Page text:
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MonkeyNotes-Love's Labour's Lost by William Shakespeare
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PLOT (Synopsis)

Love's Labour's Lost opens on a grandiose note, as Ferdinand, King of Navarre, informs the audience that he and his companion lords, Biron, Longaville and Dumain, have sworn to abstinence and the pursuit of knowledge. They are to lock themselves away in court to study for three years, and visits by females will be very limited. When the King instructs his lords to sign an oath to the plan, both Longaville and Dumain quickly comply, claiming that a three-year period of fasting and celibacy can easily be endured for the sake of knowledge. Biron, however, initially finds the plan unreasonable and is hesitant to sign the oath. His initial skepticism is soon overcome, and he makes his pledge along with the others. As Biron signs, however, he reminds the King of the impending visit from the Princess of France, which threatens the proclamations of the agreement, since she will have to be entertained for the sake of "gentility".

The conversation is interrupted by Constable Dull, who brings with him a letter concerning the crime committed by Costard, who is in tow. The letter is from Don Armado, the Spanish "child of fancy", who accuses Costard of having broken the law by flirting with a country girl. Costard is given a punishment, and Don Armado is put in charge of enforcing it. He is happy to do this since the country girl is someone to whom he is attracted.

While this matter is sorted out, the Princess of France arrives at the gates of Navarre and is shocked by the lack of hospitality shown towards herself and her ladies, due to the King's oath. The King and his men finally enter, and a debate over the land the Princess has come to claim follows. The king's lords immediately show an interest in ladies of the princess. After they exit with the king, they quickly return to be with them. Dumain reveals a curiosity for Katherine, Longaville shows an interest in Maria, and Biron comes in to confirm whether or not Rosaline is married. The third act reveals the parallel development in both the main plot and the comic sub-plot. Biron accosts Costard, the clown and, having tipped him generously, asks him to take to the lady Rosaline a letter confessing his love for her. Costard agrees, just as he has earlier agreed to take a similar letter to Jaquenetta from Don Armado. Costard faithfully hands over the letter to the Princess while she occupies herself with shooting. However, Costard has mixed up the letters, and hands over the Princess the letter intended for Jaquenetta rather than the one for Rosaline. Nevertheless, the Princess insists it be read aloud. After being amused at the letter, she proceeds to the shoot, while Rosaline and Boyet take part in a witty dialogue.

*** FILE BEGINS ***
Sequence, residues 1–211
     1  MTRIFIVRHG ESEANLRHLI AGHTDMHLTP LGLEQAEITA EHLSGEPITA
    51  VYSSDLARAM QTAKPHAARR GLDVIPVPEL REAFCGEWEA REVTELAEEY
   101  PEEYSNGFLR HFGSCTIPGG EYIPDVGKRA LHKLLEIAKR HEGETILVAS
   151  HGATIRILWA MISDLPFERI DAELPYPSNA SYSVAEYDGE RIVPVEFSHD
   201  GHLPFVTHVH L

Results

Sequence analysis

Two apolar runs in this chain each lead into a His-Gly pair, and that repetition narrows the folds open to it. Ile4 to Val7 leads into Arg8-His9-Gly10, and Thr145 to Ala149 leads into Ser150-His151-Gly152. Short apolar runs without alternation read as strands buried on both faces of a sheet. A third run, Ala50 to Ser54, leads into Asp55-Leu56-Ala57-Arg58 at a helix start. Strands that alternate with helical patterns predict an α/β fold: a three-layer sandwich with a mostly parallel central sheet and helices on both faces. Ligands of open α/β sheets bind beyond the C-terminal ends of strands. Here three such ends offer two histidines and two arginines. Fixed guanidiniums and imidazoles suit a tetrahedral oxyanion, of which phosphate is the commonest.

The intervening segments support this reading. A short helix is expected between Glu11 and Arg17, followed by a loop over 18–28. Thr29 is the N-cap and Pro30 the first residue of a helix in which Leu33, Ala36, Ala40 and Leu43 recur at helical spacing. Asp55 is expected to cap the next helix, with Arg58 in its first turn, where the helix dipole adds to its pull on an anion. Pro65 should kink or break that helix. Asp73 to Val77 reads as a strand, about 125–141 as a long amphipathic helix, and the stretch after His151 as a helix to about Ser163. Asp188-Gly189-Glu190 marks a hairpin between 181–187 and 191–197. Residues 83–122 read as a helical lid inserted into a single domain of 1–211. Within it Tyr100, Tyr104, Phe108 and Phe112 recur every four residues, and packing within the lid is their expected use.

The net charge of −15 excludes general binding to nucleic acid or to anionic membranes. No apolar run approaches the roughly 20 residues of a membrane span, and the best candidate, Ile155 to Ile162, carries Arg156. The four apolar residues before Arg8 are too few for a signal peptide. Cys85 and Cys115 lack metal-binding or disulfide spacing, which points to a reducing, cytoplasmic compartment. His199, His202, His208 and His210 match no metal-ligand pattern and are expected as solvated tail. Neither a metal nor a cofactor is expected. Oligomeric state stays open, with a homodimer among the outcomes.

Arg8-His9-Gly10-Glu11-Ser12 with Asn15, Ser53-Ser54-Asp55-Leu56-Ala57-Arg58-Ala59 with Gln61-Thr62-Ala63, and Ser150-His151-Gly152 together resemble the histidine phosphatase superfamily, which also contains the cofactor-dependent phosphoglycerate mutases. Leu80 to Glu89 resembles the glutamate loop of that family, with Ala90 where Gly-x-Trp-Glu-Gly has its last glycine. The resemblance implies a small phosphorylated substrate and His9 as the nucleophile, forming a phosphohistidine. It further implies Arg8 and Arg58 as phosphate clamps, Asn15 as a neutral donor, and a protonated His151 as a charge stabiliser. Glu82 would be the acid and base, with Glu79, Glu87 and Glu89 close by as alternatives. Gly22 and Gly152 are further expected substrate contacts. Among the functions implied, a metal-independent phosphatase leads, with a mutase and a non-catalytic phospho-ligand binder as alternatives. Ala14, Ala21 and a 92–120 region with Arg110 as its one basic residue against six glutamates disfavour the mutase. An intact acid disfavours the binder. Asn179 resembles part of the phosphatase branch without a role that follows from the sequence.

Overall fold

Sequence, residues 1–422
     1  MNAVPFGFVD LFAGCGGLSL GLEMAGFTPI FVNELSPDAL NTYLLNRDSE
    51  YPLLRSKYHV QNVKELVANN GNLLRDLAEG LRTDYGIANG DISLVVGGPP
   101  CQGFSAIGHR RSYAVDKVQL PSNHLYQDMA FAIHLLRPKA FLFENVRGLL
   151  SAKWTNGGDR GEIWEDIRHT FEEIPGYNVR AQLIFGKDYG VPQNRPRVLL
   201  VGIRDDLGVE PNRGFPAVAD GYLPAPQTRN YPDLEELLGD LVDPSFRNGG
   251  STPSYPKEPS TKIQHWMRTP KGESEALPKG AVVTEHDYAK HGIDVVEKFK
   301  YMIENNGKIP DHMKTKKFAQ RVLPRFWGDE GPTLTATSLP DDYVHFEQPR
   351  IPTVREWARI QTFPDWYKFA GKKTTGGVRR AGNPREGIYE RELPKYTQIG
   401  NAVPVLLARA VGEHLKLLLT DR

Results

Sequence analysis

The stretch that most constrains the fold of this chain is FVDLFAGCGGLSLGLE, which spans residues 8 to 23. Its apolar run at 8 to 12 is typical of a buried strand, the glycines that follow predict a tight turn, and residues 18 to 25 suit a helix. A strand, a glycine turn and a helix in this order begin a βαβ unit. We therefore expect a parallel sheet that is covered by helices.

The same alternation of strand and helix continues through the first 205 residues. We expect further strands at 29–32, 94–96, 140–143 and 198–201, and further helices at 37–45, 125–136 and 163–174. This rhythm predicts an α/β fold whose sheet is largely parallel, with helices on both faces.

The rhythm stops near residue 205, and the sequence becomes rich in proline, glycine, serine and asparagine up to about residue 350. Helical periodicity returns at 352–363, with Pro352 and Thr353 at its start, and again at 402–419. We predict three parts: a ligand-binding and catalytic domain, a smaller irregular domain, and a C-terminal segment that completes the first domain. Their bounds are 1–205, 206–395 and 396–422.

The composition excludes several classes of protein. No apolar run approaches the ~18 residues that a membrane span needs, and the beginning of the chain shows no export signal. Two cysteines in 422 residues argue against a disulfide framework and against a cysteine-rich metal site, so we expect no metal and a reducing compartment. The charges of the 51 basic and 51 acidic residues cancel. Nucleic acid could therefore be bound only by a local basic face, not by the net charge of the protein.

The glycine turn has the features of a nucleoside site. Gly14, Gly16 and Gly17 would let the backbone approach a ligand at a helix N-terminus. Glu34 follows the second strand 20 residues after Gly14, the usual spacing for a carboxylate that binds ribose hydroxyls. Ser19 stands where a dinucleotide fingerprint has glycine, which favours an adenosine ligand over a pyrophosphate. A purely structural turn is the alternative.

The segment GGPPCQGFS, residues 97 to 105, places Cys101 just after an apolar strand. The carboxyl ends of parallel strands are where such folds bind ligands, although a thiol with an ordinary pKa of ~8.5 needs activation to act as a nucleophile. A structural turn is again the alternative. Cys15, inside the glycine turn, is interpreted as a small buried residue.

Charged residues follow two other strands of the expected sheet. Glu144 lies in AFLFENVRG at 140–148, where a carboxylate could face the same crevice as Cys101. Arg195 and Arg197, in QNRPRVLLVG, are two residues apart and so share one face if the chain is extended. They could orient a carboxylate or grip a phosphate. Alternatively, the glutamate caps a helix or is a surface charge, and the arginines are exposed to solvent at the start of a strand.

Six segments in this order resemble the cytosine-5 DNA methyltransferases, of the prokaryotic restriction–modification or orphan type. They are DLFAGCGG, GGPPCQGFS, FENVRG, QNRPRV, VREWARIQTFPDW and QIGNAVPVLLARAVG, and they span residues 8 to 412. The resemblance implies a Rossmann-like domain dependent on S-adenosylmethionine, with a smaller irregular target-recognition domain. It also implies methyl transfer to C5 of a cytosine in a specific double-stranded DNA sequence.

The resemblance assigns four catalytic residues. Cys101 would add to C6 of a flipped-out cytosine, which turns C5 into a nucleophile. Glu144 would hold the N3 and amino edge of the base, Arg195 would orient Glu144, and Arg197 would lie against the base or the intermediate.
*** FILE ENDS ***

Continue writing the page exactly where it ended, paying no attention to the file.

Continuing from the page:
The next scene opens with a highly artificial intellectual conversation between Holofernes and Nathaniel, whose extremely literate remarks stand in direct contrast to the rather plain language of Anthony Dull, the constable. They argue about whether the Princess killed a 'pricket', a 'sore', or a 'sorel', a futile argument, for all three words mean a deer and only differentiate the age of the deer (a pricket being two years old, a sorel being three, and a sore being four). Jaquenetta and Costard arrive on the scene. Jaquenetta wishes that the curate read to her the letter she has just received from Costard, and Nathaniel obliges. Holofernes, however, informs Jaquenetta that the letter is not addressed to her and that she must take it to the King post-haste, for it is written by Biron, "one of the votaries with the King".

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